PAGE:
Nevertheless, in 2007, we saw a measles outbreak again among people in their teens and 20s. As these generations were not covered by the government's routine immunization program, they were considered to have insufficient antibodies to fight infections, which led to the measles outbreak. In response to this epidemic situation, the government determined to provide a second dose of the measles vaccine for five years from 2008 targeting children in their first year of junior high school and those in their third year of senior high school. As a result, the number of young measles patients decreased considerably in 2009 and thereafter. Subsequently, the outbreak of measles subsided across Japan. By recommending vaccination and increasing the number of people with sufficient antibodies, the government achieved herd immunity and successfully controlled the measles epidemic. In 2015, the WHO Western Pacific Regional Office verified that Japan had achieved measles elimination.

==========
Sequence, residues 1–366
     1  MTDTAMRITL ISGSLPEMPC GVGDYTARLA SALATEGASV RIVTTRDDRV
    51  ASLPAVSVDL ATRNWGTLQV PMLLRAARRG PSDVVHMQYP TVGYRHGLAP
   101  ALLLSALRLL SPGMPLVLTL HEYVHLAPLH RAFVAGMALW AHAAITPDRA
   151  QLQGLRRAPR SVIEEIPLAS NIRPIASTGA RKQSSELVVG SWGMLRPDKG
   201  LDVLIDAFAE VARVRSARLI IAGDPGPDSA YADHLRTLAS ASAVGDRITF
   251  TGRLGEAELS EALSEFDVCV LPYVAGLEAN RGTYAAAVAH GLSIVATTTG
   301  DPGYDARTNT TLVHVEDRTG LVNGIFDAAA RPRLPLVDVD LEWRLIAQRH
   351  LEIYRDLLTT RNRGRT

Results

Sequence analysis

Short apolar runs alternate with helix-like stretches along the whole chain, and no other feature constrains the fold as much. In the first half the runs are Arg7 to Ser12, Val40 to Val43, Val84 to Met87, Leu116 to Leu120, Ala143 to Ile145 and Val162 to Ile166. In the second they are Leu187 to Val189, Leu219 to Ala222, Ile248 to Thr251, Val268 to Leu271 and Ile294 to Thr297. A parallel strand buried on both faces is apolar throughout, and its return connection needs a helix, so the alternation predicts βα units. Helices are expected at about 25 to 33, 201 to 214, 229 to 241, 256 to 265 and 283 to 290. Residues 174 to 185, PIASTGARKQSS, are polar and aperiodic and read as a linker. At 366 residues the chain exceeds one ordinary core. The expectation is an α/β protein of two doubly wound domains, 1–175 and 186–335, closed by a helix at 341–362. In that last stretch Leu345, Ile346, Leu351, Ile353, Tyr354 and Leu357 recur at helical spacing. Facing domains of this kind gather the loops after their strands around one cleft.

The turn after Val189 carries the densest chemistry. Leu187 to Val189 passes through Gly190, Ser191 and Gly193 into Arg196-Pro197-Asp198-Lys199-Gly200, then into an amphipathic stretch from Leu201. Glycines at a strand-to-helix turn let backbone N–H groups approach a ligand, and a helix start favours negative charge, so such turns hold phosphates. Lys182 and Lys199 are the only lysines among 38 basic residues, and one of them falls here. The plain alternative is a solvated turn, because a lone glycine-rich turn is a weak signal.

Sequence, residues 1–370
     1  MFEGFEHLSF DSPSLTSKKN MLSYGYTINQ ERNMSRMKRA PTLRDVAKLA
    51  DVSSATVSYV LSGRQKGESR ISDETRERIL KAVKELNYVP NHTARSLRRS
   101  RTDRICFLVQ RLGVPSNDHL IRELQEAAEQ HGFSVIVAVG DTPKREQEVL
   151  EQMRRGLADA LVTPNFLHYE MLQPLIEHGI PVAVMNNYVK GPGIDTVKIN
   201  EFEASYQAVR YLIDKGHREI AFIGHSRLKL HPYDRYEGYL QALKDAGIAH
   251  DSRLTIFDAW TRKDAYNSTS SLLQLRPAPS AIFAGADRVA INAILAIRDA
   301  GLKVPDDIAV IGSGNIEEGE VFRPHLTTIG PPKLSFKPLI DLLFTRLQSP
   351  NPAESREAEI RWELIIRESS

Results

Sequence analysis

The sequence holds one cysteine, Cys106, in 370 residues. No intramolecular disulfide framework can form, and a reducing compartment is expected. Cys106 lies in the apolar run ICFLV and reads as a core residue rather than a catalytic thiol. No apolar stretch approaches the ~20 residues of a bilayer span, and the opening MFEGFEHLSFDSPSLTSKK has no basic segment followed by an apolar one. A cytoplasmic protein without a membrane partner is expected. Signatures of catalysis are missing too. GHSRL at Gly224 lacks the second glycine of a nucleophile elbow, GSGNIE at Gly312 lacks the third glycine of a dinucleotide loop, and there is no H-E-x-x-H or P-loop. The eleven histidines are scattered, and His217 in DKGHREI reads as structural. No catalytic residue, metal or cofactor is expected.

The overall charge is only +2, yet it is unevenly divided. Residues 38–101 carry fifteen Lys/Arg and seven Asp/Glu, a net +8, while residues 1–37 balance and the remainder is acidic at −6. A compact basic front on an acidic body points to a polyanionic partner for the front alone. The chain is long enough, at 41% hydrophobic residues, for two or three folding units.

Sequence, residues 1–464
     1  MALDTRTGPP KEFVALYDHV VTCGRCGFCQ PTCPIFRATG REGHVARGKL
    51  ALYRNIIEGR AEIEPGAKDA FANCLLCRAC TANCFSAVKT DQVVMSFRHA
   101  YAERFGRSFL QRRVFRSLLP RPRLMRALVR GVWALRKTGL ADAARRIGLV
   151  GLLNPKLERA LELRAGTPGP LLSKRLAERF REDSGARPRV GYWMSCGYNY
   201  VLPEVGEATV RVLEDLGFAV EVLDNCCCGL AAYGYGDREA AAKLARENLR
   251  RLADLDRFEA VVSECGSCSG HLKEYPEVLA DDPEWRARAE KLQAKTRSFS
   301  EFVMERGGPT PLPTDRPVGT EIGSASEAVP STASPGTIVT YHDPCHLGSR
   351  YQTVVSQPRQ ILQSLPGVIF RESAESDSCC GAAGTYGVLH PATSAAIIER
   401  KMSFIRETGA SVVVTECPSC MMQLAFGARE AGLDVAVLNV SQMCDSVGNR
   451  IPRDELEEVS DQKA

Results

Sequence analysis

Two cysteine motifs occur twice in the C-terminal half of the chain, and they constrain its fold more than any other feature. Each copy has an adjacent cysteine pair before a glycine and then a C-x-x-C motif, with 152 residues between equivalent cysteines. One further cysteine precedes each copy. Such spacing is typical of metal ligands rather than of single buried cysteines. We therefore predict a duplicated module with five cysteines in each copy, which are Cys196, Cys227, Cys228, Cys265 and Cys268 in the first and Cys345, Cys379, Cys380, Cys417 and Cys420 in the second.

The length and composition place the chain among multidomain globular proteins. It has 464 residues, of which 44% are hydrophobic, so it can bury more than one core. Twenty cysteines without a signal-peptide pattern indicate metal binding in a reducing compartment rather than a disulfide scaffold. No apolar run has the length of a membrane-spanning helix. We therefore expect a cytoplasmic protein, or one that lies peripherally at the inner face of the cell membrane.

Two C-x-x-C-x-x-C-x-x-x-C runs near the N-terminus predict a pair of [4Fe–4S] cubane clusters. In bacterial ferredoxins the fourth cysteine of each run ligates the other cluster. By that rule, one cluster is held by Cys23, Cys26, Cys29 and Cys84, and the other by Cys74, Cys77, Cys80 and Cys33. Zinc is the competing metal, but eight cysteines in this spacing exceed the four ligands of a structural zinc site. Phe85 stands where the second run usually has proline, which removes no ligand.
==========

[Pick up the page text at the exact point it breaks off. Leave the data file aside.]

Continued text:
Another example concerns rubella. A nationwide rubella epidemic occurred in Japan during 2012 and 2013, due to the peculiar nature of the rubella virus. Rubella, also known as "three-day measles" or "German measles," is an infectious disease caused by the rubella virus. Its symptoms are similar to that of measles, such as fever and red rash spreading to the whole body. These symptoms are typically mild, and an attack can pass unnoticed (i.e., asymptomatic infection). However, if a pregnant woman is infected with the rubella virus during early pregnancy, her developing baby will be at risk of congenital rubella syndrome (CRS). CRS typically includes hearing impairment, cataracts, congenital heart diseases, and developmental retardation in children.